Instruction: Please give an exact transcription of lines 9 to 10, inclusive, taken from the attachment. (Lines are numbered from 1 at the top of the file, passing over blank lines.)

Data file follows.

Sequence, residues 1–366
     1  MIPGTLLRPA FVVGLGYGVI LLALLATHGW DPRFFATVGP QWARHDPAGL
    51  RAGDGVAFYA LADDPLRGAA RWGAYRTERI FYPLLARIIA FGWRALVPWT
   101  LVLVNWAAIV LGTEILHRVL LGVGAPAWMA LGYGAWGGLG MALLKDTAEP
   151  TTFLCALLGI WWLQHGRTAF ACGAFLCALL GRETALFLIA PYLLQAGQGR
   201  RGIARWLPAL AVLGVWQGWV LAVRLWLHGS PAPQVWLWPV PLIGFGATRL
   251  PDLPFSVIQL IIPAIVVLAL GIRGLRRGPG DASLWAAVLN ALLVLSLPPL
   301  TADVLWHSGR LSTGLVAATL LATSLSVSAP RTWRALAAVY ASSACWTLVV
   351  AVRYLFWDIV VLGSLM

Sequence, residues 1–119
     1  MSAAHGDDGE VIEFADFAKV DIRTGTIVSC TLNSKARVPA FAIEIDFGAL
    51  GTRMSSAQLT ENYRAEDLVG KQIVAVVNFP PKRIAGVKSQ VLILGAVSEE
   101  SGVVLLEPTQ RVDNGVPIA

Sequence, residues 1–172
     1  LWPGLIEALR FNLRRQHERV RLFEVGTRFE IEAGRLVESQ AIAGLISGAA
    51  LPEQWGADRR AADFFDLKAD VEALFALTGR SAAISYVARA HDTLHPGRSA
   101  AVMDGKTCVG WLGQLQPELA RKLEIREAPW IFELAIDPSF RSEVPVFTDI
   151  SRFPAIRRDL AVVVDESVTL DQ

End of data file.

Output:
   351  AVRYLFWDIV VLGSLM

Sequence, residues 1–119